Enhance your Yoga Teacher Training with continuing education.
Sunday, July 22, 2012
Yoga Teacher Training: Tailbone Pain
By Bhavan Kumar
Like many other conditions we learn about in Yoga teacher training, pain in the tailbone can be both helped and aggravated by exercise. Although some asanas present problems, others alleviate pain and relieve inflammation. The key to success is knowing your own body and finding a good yoga instructor.
Pain in the coccyx, or tailbone, is a common condition that affects five times as many women as men. Although the disorder stems from a variety of causes ranging from falls to pregnancy, an unstable coccyx is frequently the culprit. Discomfort varies from mild to acute and is usually aggravated by sitting.
Located in the root chakra at the tip of the spine, the tailbone is closely related to the sacroiliac, or S-I, joint. Misalignment of the spine in this area can lead to emotional concerns related to the first chakra and physical pain caused by instability and stress. Difficult to diagnose and to treat, the condition can become chronic if not properly managed.
In “Yoga Journal,” author and pioneering Restorative Yoga instructor Judith Lasater recommends several practices to eliminate stress on the S-I joint and reduce tailbone pain. Among these are the following:
• Strengthen the S-I joint and backbone with standing poses and simple backbends.
• Be aware of forward bends and other poses that stress or unlock the S-I joint.
• Don’t sit cross-legged.
• Evenly distribute weight between both legs.
• Keep feet hip-width apart in poses like Tree Pose or Warrior I.
• When doing twists, move the sacrum and pelvis together.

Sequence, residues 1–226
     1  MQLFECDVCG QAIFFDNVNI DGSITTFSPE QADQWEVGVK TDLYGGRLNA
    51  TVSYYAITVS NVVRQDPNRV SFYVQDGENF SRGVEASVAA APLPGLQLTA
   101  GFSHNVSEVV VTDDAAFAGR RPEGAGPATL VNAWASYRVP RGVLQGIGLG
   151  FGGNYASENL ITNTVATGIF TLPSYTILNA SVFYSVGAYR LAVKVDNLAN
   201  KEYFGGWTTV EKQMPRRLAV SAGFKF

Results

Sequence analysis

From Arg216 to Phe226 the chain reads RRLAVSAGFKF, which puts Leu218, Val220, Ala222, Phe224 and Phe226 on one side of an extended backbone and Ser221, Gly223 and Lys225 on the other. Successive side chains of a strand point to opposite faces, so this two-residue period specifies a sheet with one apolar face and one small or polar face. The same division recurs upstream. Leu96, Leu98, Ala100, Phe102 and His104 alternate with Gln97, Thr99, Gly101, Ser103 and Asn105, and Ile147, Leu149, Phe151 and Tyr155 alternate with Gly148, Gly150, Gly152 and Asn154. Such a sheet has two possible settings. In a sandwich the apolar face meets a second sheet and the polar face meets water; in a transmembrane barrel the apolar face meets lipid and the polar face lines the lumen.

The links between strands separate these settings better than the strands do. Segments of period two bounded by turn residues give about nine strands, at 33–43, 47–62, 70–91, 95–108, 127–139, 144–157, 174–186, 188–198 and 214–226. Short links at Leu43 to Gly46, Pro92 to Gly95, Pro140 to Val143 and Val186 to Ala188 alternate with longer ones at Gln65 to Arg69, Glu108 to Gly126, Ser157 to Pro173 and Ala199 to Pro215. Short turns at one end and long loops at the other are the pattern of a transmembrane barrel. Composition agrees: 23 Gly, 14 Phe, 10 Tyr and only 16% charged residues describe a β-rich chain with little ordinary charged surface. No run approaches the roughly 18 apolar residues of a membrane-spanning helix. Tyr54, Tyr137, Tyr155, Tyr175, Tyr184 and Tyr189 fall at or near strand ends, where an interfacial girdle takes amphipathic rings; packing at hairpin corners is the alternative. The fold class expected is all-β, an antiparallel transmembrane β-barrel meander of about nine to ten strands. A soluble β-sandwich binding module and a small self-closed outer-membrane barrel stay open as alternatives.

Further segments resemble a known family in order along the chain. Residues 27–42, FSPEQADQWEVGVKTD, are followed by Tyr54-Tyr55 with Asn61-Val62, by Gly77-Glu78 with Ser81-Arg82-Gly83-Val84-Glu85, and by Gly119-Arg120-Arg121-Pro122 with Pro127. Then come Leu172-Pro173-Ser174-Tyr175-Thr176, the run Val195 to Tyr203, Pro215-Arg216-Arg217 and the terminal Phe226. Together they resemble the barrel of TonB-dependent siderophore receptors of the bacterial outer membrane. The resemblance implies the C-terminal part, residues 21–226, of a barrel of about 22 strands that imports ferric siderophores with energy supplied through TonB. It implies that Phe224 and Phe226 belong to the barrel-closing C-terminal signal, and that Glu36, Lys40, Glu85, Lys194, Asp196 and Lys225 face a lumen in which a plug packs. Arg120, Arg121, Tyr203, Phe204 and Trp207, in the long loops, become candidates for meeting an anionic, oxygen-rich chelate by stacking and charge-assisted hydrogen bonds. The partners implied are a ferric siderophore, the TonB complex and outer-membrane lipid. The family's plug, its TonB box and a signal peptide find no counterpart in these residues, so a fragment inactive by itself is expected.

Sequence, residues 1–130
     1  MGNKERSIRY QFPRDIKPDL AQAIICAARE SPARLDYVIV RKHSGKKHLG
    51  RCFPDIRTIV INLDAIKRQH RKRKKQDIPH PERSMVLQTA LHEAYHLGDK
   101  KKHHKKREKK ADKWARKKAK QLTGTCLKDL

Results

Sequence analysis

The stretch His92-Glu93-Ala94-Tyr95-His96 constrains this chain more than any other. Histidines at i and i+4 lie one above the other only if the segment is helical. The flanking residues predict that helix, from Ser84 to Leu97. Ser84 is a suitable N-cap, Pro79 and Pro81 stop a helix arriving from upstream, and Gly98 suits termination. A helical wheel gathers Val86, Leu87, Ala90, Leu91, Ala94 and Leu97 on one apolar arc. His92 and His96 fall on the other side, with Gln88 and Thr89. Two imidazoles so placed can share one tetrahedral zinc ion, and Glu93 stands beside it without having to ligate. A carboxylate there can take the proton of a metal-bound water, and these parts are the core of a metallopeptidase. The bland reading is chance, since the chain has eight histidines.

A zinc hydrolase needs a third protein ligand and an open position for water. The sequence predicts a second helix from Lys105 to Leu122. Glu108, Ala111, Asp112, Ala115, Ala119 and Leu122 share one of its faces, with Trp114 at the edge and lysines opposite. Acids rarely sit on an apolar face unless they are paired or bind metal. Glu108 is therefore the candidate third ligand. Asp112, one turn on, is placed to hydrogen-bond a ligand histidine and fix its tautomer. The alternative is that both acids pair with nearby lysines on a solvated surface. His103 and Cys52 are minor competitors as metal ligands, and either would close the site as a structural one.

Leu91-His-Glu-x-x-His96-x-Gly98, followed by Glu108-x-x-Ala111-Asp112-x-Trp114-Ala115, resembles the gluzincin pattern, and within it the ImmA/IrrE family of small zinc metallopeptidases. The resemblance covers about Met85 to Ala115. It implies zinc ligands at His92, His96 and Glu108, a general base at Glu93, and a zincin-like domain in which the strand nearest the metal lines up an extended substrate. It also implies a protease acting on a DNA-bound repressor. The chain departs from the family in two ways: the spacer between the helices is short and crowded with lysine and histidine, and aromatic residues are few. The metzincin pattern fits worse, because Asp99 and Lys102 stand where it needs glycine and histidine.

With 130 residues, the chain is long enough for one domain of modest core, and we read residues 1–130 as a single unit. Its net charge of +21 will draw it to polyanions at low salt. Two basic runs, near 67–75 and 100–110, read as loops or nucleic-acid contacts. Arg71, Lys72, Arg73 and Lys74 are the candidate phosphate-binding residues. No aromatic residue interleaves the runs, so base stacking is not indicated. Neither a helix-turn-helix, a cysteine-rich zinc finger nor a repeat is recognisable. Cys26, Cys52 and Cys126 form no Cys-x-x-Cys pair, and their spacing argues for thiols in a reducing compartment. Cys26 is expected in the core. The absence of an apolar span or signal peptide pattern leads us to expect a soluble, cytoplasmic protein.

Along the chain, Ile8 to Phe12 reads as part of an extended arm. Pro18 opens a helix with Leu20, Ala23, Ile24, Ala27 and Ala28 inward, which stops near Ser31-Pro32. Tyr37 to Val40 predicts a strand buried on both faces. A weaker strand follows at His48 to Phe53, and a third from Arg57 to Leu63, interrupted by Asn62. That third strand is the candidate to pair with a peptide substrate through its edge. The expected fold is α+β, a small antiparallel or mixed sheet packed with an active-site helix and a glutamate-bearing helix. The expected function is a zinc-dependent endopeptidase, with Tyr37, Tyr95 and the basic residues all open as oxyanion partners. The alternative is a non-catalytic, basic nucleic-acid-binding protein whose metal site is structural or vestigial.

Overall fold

• Avoid poses that stretch the piriformis muscle and exercise caution with standing twists.
• Line front heel with the back heel instead of the arch when doing poses like Warrior II or Triangle.
The following Yogic techniques may help to relieve discomfort and restore mobility to the sacroiliac joint.
• Root Lock
• Child’s Pose
• Cow Pose
• Cat Pose
• Cobra Pose
• Legs-Up-the-Wall Pose
• Bridge Pose
• Spinal Twist (lying on floor with knees bent)
Any asana that aggravates or worsens pain should be avoided or practiced with modifications and supervision. Some poses can be approached gradually with the help of a well-trained Yoga instructor; others may need to be avoided altogether. Moderation is the key.
Side Notes for Yoga Teachers
Understanding basic body mechanics is something we should have learned in our foundational Yoga teacher training. If the skeletal body was not covered. we must enhance our knowledge through continuing education that is specifically designed for a Yoga instructor.
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